The Buzz

The Air Force Is Training F-35s To Fight Russia and China in a War

While the Air Force aims to prepare for the unlikely contingency of a potential engagement with near-peer rivals such as Russia or China, Air Force planners recognize that there is much more concern about having to confront an adversary which has purchased air-defense technology from the Russians or Chinese. Air Force F-35 developers emphasize that, while there is no particular conflict expected with any given specific country, the service wants to be ready for any contingency. 

X-32: The Fighter Plane That Almost Replaced the F-35

Built to the same specifications, the X-32 and the F-35 had relatively similar performance parameters. Deciding to compete on cost, Boeing designed the X-32 around a single-piece delta wing that would fit all three variants. The X-32 lacked the shaft-driven turbofan lift of the F-35, instead using the same thrust vectoring system as the AV-8 Harrier. The X-32’s system was less advanced than the F-35’s, but also less comple

The Navy's Battleships Will Never Make a Comeback (Ever)

But the most important advances may come in survivability.The biggest reason to build big ships may be the promise of electricity generation. The most interesting innovations in naval technology involve sensors, unmanned technology, lasers, and railguns, most of which are power intensive. Larger ships can generate more power, increasing not only their lethality (rail guns, sensors) but also their survivability (anti-missile lasers, defensive sensor technologies, close-defense systems).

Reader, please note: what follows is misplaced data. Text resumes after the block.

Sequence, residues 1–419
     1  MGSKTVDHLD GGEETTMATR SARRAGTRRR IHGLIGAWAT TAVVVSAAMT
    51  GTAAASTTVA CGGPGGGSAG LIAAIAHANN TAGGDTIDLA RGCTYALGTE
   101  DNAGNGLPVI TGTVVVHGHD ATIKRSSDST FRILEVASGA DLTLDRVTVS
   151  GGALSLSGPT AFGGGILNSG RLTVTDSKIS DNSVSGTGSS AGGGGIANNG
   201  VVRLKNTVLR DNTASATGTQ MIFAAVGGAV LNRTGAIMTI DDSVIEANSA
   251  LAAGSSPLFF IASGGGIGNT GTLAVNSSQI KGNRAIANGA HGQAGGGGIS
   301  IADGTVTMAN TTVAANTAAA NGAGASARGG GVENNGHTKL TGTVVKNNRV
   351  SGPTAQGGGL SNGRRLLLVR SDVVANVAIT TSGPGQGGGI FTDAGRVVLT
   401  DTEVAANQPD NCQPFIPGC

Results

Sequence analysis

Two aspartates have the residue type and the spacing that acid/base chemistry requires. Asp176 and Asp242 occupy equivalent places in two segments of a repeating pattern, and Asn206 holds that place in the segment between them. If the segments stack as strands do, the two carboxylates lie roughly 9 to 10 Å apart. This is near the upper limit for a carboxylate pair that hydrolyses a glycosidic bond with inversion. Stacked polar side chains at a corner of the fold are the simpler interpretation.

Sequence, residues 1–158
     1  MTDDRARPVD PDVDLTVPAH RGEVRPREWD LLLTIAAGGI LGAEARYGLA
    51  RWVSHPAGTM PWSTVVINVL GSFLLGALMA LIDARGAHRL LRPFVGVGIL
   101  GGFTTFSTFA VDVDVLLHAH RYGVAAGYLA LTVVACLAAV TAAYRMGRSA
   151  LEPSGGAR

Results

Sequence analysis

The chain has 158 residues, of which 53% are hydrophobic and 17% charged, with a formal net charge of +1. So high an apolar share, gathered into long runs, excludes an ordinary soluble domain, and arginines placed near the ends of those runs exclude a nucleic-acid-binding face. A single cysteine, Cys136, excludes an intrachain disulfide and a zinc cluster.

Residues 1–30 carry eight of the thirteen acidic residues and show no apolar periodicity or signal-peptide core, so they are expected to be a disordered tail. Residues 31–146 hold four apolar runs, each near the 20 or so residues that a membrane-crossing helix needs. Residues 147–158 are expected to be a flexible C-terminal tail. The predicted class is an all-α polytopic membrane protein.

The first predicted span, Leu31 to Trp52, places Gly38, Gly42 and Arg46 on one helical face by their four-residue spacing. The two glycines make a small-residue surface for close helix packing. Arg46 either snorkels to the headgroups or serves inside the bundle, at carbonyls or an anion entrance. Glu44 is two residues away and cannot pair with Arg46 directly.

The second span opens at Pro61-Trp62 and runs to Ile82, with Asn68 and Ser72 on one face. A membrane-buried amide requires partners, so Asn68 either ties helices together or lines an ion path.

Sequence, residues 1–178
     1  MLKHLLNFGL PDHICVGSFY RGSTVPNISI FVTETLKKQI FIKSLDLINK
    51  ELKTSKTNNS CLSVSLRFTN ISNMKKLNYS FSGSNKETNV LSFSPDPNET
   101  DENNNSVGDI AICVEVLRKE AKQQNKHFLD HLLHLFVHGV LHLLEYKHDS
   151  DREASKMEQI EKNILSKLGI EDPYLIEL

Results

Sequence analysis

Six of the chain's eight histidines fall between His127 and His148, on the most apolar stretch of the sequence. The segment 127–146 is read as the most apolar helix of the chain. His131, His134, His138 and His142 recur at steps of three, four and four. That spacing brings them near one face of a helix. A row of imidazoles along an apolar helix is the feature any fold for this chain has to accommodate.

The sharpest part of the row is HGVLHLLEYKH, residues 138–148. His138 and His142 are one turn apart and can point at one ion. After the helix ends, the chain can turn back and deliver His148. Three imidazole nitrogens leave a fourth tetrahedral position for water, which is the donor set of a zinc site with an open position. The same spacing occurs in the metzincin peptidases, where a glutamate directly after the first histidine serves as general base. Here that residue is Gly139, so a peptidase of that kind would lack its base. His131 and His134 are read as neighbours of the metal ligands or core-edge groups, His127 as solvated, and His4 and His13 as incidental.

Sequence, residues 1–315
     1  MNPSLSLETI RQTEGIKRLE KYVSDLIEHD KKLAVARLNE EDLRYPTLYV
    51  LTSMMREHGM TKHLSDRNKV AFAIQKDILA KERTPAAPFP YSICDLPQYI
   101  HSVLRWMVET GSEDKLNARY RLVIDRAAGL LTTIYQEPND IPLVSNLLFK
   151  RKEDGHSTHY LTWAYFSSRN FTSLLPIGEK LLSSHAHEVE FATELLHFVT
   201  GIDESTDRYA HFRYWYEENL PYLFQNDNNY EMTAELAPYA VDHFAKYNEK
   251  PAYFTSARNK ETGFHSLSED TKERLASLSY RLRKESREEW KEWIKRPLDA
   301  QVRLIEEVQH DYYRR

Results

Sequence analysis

The Story of How the Japanese Admiral Who Planned Pearl Harbor Was Assassinated

But what’s really interesting is that compared with the controversy over today’s targeted assassinations, there was remarkably little fuss made over the decision to kill Yamamoto. The U.S. military treated it as a purely military matter that didn’t need civilian approval. Admiral Nimitz authorized the interception, and the orders were passed down the military chain of command. There was no presidential decision nor Justice Department review.

The Navy's Electronic-Warfare Planes Could Soon Become 'Motherships'

Northrop Grumman is trying to convince the U.S. Navy to transform the branch’s EA-18G Growler electronic-warfare planes into motherships for small, slow-flying unmanned aerial vehicles that could extend the distance at which Growler crews can pinpoint enemy radars.

The 12-foot-long “Dash X” drone fits inside the military’s Tactical Munition Dispenser. Deployed mid-flight and extending pop-out wings, the Dash X flies under its own power at a top speed of just 70 miles per hour. The drone carries an array of sensors and datalinks.

The Army’s Tactical Wheeled Vehicle Program Needs A Cross Functional Team

The leadership of the U.S. Army is on a mission to radically alter the way it does acquisition and sustainment. Published reports regarding this reform effort have focused largely on the creation of eight pilot cross functional teams (CFTs) intended to improve the speed and effectiveness of generation process requirements. These CFTs have been described as the first step towards the creation of a modernization command.